Double-check that every constraint applies to the blue view and its parent or containing view. When you’re ready, add the four constraints.
Instead of blue lines, you are probably seeing orange lines with numbers. In Xcode, orange means warning. The orange lines warn you that the current position of the blue view isn’t in alignment with the position of the blue view at run time. Have you noticed the orange dashed lines at the edges of the blue view’s parent view? Those dashed lines symbolize the frame of the blue view if the constraints you just applied are in effect. That happens at run time.
If you don’t believe me, I suggest you run the application in the iPad simulator to take a look for yourself. The blue view spans the width and height of its parent view, even if you rotate the simulator from portrait to landscape and vice versa.
The orange lines unnecessarily clutter the workspace and what you’re seeing isn’t what you are getting at run time. It’s better to fix the issue by updating the frame of the blue view. This is simple. Select the blue view and select Update Frames from the Resolve Auto Layout Issues menu at the bottom right.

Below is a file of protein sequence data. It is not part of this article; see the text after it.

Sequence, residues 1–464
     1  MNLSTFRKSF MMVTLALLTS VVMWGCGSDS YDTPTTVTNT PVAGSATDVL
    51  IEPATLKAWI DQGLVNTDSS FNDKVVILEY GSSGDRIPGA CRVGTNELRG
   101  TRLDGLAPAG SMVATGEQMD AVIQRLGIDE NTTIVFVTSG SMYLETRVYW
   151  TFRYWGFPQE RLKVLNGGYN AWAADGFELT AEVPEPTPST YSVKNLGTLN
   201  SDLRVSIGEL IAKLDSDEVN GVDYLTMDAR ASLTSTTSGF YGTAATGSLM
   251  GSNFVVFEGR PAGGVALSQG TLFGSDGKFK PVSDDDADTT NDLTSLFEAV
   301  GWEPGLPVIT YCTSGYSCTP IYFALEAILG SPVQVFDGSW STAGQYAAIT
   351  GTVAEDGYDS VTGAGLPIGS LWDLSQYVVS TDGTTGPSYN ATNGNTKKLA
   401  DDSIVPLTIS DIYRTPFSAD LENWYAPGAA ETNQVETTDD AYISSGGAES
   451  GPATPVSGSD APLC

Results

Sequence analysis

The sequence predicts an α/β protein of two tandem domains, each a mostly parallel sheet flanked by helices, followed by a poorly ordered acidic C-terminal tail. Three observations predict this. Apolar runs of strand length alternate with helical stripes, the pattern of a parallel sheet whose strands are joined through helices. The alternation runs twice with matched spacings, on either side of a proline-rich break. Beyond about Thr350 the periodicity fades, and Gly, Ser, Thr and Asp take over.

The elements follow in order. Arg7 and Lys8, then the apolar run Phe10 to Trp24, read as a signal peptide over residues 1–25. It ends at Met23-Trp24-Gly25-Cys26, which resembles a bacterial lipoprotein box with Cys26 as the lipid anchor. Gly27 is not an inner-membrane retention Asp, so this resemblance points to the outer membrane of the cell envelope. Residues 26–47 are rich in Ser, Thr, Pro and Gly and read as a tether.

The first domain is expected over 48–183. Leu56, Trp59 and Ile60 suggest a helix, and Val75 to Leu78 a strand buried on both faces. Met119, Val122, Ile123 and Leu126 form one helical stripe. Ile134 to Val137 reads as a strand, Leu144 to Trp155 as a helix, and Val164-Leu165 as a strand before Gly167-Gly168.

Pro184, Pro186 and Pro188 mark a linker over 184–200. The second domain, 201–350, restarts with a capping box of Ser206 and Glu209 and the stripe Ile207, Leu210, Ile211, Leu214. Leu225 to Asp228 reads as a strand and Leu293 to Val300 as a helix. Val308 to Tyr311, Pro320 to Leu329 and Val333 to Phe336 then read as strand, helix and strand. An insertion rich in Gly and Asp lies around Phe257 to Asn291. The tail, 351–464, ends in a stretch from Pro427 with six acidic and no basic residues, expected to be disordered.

Make sure you understand what we’ve covered in this tutorial, because we’ll be needing it in the rest of this series. In the next tutorial, we’ll be discussing table views and we’ll be applying some of the techniques discussed in this tutorial. To learn more about Auto Layout, browse Apple’s Auto Layout Guide.
To say that Auto Layout is powerful is an understatement. Even though we’ve only scratched the surface in this tutorial, you should now have an idea what Auto Layout is and what it can do for you.
In the rest of this series, we will continue using Auto Layout. If you get stuck, make sure to revisit this tutorial or drop me a line in the comments. You can also reach out to me on Twitter.